Smith Fellows
Smith Fellow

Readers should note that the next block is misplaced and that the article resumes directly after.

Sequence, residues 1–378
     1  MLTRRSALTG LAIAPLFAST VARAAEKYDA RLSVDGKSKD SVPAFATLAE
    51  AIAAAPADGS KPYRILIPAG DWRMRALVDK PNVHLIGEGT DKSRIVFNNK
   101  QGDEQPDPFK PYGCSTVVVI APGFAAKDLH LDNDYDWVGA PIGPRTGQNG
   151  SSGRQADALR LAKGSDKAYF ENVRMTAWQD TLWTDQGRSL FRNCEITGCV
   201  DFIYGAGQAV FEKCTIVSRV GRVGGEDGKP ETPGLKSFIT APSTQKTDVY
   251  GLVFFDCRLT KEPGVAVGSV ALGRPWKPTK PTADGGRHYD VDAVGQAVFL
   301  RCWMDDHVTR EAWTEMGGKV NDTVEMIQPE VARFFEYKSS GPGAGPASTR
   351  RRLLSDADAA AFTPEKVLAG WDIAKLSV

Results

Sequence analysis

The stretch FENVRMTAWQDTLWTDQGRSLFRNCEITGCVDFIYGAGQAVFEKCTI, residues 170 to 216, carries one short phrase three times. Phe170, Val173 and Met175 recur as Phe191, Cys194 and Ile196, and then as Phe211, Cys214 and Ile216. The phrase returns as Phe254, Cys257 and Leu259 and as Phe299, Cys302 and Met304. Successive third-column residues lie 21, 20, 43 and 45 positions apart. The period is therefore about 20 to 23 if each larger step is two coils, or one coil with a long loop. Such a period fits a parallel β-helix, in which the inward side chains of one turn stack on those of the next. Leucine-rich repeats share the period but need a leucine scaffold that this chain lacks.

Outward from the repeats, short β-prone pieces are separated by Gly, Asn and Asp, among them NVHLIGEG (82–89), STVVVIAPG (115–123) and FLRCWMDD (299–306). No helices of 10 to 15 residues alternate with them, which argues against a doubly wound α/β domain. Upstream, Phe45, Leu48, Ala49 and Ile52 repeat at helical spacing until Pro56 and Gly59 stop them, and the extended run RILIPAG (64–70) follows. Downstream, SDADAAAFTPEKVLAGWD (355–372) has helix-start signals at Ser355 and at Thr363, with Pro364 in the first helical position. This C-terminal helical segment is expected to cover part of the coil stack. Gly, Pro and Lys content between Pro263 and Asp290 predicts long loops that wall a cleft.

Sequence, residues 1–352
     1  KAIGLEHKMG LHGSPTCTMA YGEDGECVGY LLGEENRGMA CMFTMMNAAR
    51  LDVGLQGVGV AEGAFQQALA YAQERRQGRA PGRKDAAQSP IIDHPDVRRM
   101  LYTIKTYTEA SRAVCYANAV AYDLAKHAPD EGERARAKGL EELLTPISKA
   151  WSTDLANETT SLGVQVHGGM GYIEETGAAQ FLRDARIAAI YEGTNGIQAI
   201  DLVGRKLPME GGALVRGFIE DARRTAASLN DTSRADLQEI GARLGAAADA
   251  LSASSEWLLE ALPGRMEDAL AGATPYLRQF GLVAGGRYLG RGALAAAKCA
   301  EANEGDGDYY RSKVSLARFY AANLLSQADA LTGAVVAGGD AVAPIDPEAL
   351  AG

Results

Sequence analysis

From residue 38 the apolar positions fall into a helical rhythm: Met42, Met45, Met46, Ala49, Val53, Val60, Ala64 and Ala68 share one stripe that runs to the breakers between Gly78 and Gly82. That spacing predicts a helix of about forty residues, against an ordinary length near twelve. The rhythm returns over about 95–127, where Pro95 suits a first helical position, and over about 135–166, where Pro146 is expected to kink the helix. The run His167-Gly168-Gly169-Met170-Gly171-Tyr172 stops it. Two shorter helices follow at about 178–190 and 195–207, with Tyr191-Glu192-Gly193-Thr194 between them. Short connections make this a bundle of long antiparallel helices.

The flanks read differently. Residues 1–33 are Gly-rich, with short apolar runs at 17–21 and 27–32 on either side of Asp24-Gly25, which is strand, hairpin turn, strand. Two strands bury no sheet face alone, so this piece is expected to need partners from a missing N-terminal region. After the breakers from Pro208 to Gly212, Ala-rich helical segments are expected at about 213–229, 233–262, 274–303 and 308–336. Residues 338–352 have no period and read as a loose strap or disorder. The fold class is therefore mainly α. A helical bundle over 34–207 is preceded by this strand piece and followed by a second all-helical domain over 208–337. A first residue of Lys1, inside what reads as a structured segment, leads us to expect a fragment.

The Summit Lake population of Lahontan cutthroat trout (Oncorhynchus clarkii henshawi, LCT) are one of the last two remaining lake-dwelling populations of LCT. Due to natural habitat loss, water resource extraction, and the introduction of nonnative species, LCT abundance and distribution have declined over the last century instigating their inclusion on the US endangered species list. Because Summit Lake is located in the desert of northwestern Nevada, the local LCT population is highly sensitive to the effects of anthropogenic climate change such as changes in temperature and precipitation. Working in collaboration with the Summit Lake Paiute Tribe, I propose to reconstruct the population history of Lahontan cutthroat trout using novel sedimentary ancient DNA analyses to determine how LCT have responded to past environmental disturbances to aid in the development of effective trout management strategies. First, I will analyze DNA extracted from a sediment core spanning the last 12,000 years to measure LCT through time to understand how environmental stressors impact population numbers. Second, I will assess overall levels of fish biodiversity in Summit Lake by identifying all fish species present throughout the sediment record. Finally, I will develop an assay to characterize the phylogenetic diversity of Lahontan cutthroat trout to determine how fluctuating population sizes have impacted overall genetic diversity. This research represents a novel application of sedimentary ancient DNA analysis to conservation science and will inform future Lahontan cutthroat trout management strategies at Summit Lake as well as provide tools for the continued monitoring of this population.